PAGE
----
Photo: AFP via Getty Images

Dior’s artistic director, Maria Grazia Chiuri, loves a good political slogan. In her spring 2017 debut, she put models in shirts emblazoned with “WE SHOULD ALL BE FEMINISTS,” a quote from the Nigerian writer Chimamanda Ngozi Adichie. The following year, she opened the show with a striped graphic tee reading, “WHY HAVE THERE BEEN NO GREAT WOMEN ARTISTS?” — a question posed in a 1971 essay by art historian Linda Nochlin. So when a woman appeared on the runway at yesterday’s Dior show with a banner reading “WE ARE ALL FASHION VICTIMS,” it seemed pretty par for the course.

Except this time, the woman wasn’t a model but a protester from the climate-activist group Extinction Rebellion who had crashed the event. Insiders were bemused. “You couldn’t tell if it was part of the show or not,” Sidney Toledano, chairman and CEO of Dior’s parent company LVMH Fashion Group, said to Women’s Wear Daily.

From left: Photo: Victor VIRGILE/Gamma-Rapho via Getty ImagesPhoto: Catwalking/Getty Images

From left: Photo: Victor VIRGILE/Gamma-Rapho via Getty ImagesPhoto: Catwalking/Getty Images

In the past, Extinction Rebellion has organized sensationalistic protests outside of fast-fashion retailers and Fashion Week events in New York and London. Signs with messages like “No fashion on a dead planet” and “RIP LFW 1983-2019” are the norm. Earlier this month, protesters stood naked with their hands glued to the windows inside an H&M store in London with placards reading “Not buying this bullshit,” “Won’t wear injustice,” and “Rather be naked” attached to their bodies.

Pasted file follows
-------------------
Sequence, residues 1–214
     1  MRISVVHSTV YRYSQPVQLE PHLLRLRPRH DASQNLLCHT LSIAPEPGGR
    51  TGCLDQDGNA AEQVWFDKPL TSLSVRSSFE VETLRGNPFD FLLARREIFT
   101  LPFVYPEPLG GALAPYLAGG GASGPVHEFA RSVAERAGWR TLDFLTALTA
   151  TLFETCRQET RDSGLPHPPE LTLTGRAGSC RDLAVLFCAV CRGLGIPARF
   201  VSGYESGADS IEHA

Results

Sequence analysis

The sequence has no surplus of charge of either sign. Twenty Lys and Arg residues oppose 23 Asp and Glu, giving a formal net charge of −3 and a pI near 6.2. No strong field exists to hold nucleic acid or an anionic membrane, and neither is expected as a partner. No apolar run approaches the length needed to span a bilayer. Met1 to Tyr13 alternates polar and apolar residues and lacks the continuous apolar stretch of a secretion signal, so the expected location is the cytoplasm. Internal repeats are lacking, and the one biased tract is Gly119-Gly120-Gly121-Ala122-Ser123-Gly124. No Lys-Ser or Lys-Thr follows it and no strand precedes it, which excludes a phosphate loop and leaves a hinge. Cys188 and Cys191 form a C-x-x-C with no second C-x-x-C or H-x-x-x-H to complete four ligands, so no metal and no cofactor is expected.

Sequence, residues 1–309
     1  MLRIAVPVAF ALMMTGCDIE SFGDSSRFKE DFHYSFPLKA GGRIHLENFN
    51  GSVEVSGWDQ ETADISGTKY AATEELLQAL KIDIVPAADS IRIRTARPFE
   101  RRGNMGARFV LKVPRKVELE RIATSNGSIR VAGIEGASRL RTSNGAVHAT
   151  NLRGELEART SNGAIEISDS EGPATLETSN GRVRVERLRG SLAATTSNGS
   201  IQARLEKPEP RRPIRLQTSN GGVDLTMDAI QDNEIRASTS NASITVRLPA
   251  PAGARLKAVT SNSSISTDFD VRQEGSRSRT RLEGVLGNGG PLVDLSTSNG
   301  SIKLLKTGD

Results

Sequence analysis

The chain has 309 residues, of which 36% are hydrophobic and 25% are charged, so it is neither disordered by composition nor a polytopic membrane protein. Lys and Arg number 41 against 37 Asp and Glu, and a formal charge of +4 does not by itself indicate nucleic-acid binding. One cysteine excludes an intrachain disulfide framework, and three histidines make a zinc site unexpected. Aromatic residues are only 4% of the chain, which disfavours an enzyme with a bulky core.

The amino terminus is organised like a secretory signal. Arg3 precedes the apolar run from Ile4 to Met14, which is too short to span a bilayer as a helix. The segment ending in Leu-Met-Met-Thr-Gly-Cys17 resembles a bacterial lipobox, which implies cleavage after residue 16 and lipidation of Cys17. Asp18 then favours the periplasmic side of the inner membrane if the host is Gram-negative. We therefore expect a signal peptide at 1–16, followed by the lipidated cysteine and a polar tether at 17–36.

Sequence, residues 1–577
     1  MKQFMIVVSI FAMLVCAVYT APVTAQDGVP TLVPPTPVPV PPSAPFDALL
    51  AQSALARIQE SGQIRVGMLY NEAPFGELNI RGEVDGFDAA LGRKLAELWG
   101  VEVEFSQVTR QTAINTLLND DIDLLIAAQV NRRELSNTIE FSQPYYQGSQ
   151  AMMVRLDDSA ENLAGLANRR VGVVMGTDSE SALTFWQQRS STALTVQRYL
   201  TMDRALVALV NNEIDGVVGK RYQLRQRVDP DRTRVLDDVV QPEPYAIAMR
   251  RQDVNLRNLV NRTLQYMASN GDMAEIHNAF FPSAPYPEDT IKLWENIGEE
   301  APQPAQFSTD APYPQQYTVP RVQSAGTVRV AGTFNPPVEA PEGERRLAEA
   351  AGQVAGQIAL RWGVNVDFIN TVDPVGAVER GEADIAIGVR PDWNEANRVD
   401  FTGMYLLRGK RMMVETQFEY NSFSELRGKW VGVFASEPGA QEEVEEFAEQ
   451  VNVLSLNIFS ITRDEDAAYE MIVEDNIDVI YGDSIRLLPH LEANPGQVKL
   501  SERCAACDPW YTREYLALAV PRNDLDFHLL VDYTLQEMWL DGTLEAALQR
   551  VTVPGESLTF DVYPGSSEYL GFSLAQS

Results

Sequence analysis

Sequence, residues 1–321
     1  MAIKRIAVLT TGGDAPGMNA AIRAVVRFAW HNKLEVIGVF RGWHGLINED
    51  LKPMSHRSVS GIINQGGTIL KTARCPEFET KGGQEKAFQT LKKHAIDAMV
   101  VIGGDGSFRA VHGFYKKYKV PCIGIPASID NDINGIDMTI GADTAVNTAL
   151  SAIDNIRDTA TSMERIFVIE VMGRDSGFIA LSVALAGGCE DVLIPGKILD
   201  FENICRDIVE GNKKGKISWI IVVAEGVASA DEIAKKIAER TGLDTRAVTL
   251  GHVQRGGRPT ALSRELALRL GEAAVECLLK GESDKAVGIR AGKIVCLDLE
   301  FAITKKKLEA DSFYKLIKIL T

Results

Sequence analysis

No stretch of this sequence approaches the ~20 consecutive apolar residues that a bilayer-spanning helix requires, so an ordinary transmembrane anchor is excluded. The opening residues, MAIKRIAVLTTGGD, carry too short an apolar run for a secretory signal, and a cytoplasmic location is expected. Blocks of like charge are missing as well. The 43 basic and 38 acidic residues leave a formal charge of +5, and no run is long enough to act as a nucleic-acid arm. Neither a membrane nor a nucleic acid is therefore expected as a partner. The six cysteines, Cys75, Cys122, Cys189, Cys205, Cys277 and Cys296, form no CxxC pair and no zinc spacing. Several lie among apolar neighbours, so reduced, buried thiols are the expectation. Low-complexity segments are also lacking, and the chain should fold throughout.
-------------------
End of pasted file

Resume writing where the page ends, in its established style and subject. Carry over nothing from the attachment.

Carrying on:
But it turns out to be surprisingly hard to stage a protest at a show that’s already turned protesting into a brand. Even with her sets, Chiuri likes to get political. The set for the fall 2018 show was plastered in posters, feminist slogans, and tear sheets from magazines from 1968. And in fall 2020, the runway show took place under neon signs spelling out words and phrases like “Consent,” “Patriarchy = CO2,” “Patriarchy = Oppression,” and “Patriarchy = Climate Emergency.” Not everyone loves this kind of surface-level statement-making — the Cut’s own fashion critic at large, Cathy Horyn, once described it as an “attempt to look topical and also sell a T-shirt for around $750.” (Then again, the “WE SHOULD ALL BE FEMINISTS” shirt sold out, so somebody’s spending that $750.)

From left: Photo: Bertrand Rindoff Petroff/Getty ImagesPhoto: Victor Boyko/Getty Images

From top: Photo: Bertrand Rindoff Petroff/Getty ImagesPhoto: Victor Boyko/Getty Images

The Extinction Rebellion protester told Fashionista she was trying to make a point about how Fashion Week is simply not sustainable. Toledano wasn’t convinced. “I don’t think we’re destroying the planet,” he said. “We’re committed to reducing our environmental impact by cutting our carbon dioxide emissions, tracing our raw materials, and so forth. They shouldn’t be targeting us. I think there are industries that pollute much more.”

Anyway, as it happens, Dior’s already done a climate-change show. For spring 2020, the brand showed in a garden of trees that would later be replanted, to send a message about sustainability. You get the feeling that if Dior produced a cute striped tee that read “WE ARE ALL FASHION VICTIMS,” that would sell out, too.



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